Reality TV

For years Errol Morris had envisioned himself doing Apple commercials. “Essentially ‘Think different,’ ” he explains, “but with living, breathing people, moving picture images, not still photographs.”

Known for the groundbreaking The Thin Blue Line and offbeat work such as Fast, Cheap & Out of Control, the 54-year-old documentarian would have been a natural to create a film version of Apple’s portrait campaign out of TBWA\Chiat\ Day in Playa del Rey, Calif. But no deal materialized.

Early this year, Morris was asked to use his well-known interview style to capture thoughts from movie buffs for the film segment that opened the Academy Awards. It became ap parent that a white background—Apple’s signature style—would coordinate best with the Oscars’ visual themes, and Morris decided to go for it. “I thought, ‘I’m never doing this Apple advertising, so I might as well,’ ” he says.

Fittingly for someone whose work celebrates irony, it turned out that Apple had been considering him for a new campaign, and, according to Morris, the Oscars film sealed the deal. “Steve [Jobs] was sitting in the audience and said, ‘This guy has to do the new Apple campaign,’ ” Morris says.

Switchers, a $50 million campaign from Apple that broke this month, is the latest in a spate of work directed by Morris in the past year that demonstrates his range of styles, from the first-person technique used recently for Apple and Cantor Fitz gerald to the visual storytelling featured in PBS’ “Stay curious” campaign. Upcoming work includes spots for AIG, Kodak and Merrill Lynch. (Along with his commercial assignments, Morris is working on a documentary about former Defense Secretary Robert S. McNamara and a fiction film, The Book Thief, in partnership with Radical Media.)

Each Apple spot features a Mac user—against a white background—explaining why he or she switched over from a PC. More spots, not part of the Switchers campaign, are slated, with one featuring Morris’ 15-year-old son, Hamilton.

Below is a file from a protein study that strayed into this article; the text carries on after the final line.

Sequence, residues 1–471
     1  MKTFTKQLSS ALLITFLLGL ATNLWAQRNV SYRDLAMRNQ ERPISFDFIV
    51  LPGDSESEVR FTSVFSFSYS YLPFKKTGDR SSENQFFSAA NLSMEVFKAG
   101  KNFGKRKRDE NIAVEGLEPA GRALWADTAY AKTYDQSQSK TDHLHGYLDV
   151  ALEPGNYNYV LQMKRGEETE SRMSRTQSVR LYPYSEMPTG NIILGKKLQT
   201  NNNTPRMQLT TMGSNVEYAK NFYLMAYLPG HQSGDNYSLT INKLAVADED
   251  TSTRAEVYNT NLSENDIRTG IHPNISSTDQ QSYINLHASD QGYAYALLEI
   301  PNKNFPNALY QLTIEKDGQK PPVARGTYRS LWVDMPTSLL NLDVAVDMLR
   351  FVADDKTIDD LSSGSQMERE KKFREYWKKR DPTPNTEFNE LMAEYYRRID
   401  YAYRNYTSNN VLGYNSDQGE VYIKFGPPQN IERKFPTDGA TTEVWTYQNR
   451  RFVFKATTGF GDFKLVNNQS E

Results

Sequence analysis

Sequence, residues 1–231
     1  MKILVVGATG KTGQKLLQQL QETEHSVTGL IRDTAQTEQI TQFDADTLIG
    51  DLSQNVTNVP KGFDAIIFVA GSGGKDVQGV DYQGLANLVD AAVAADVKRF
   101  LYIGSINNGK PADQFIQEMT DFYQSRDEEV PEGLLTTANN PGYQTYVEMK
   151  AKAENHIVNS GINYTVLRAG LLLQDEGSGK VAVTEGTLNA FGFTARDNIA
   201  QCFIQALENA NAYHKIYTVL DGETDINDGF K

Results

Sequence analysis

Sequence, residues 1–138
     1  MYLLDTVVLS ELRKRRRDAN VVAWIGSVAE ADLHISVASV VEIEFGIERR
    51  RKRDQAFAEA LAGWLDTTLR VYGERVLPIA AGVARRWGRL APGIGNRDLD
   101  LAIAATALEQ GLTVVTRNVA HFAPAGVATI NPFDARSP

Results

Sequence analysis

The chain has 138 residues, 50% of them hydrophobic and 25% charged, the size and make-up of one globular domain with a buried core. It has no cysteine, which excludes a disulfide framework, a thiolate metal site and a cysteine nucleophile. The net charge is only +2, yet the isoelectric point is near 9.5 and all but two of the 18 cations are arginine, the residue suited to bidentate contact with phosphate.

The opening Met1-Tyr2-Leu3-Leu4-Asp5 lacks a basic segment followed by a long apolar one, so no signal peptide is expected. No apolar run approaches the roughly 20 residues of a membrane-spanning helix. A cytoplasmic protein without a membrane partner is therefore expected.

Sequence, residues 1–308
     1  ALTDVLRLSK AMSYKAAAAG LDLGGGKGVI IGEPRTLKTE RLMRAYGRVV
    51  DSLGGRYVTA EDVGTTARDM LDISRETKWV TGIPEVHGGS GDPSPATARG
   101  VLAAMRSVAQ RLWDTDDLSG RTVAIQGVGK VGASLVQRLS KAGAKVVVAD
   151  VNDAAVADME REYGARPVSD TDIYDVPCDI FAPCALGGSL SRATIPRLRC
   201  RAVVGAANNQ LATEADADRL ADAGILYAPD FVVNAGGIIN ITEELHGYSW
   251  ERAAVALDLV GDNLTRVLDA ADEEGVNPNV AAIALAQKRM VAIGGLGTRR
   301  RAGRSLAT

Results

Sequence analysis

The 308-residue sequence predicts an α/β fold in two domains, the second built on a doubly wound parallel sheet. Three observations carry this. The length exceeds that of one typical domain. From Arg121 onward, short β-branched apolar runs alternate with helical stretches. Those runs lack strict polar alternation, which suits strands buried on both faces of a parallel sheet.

Morris’ interview style, in which a single subject candidly addresses the camera against a blank background, was uniquely suited to Fallon’s post-9/11 United Airlines campaign in which United employees talk about their love for their jobs. The spots, which struck an appropriate tone at a sensitive time, were well-received, and Morris started getting calls about doing the same type of thing for other clients.

His similar work for Bartle Bogle Hegarty’s current Cantor Fitzgerald campaign has been criticized by some as exploiting the firm’s tragic loss. But Morris says that while he did question whether the intensely personal stories would make good advertising, he thought the stories should be heard. “I felt that not only was I interested in doing it, I felt it should be done,” he says.

“Their words, phrases that people use that take you inside of their head—you feel that you have become part of their experience,” he says, choosing his own words very deliberately, as he does throughout the conversation. “These interviews were very, very powerful material.”

In the end, he says he’s proud of the work, despite one criticism: He thinks the final card, showing the logos of Cantor and its eSpeed unit, ought to have been more understated.

During the three-day shot, Morris spent up to four hours with each person, doing “a lot of listening,” says Amy Nauiokas, senior vp of global marketing at Cantor Fitzgerald, who is featured in the spots. She says Morris made her feel comfortable, talking to her through his “Interrotron,” which projects his image on a half-silvered mirror in front of the camera so that subjects can look into the lens and feel as though they’re simply having a one-on-one conversation.